Pakistani Prime Minister Imran Khan raised the prospect of nuclear war with India while calling for international assistance in a territorial dispute with his larger democratic neighbor.
"My worry is that this can escalate and for two nuclear-armed countries, it should be alarming for the world what we are facing now," Khan warned.
Khan invoked their respective weapons of mass destruction twice, stoking alarm over the arsenals that make the question of who controls the border region of Kashmir one of the "most dangerous" controversies in the world. Indian Prime Minister Narendra Modi tightened his government's control over the Indian-held portion of Kashmir, arguing that the changes would enhance security in an area simmering with terrorism threats, but Khan suggested that New Delhi is preparing a "false-flag operation" to justify a military conflict with his country.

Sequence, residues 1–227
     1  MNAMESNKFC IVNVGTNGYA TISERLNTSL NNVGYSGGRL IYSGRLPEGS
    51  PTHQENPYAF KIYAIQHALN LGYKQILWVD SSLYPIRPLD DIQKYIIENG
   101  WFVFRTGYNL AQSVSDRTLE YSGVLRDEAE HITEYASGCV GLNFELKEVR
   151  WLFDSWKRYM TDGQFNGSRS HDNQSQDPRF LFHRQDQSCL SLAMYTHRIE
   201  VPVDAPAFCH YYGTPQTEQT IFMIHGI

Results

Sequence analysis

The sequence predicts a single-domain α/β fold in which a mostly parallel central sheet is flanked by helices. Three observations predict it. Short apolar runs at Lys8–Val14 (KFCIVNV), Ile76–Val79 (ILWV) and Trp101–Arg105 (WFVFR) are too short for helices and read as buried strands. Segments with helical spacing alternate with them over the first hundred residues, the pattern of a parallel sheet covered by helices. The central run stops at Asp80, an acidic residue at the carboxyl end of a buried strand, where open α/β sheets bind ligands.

"And then you are looking at two nuclear-armed countries eyeball to eyeball, and anything can happen," Khan told the New York Times in an interview published late Wednesday.
The two rivals clashed in February, when Indian fighter jets crossed the unofficial boundary dividing the Indian and Pakistani-controlled portions of Kashmir to strike a terrorist group in Pakistan. One of India's Soviet-made MiG-21s was downed by the Pakistani air force, and the pilot was captured. But U.S. officials sided with India in that incident because of frustration over Pakistan's perceived willingness to allow the terrorist networks to operate with impunity.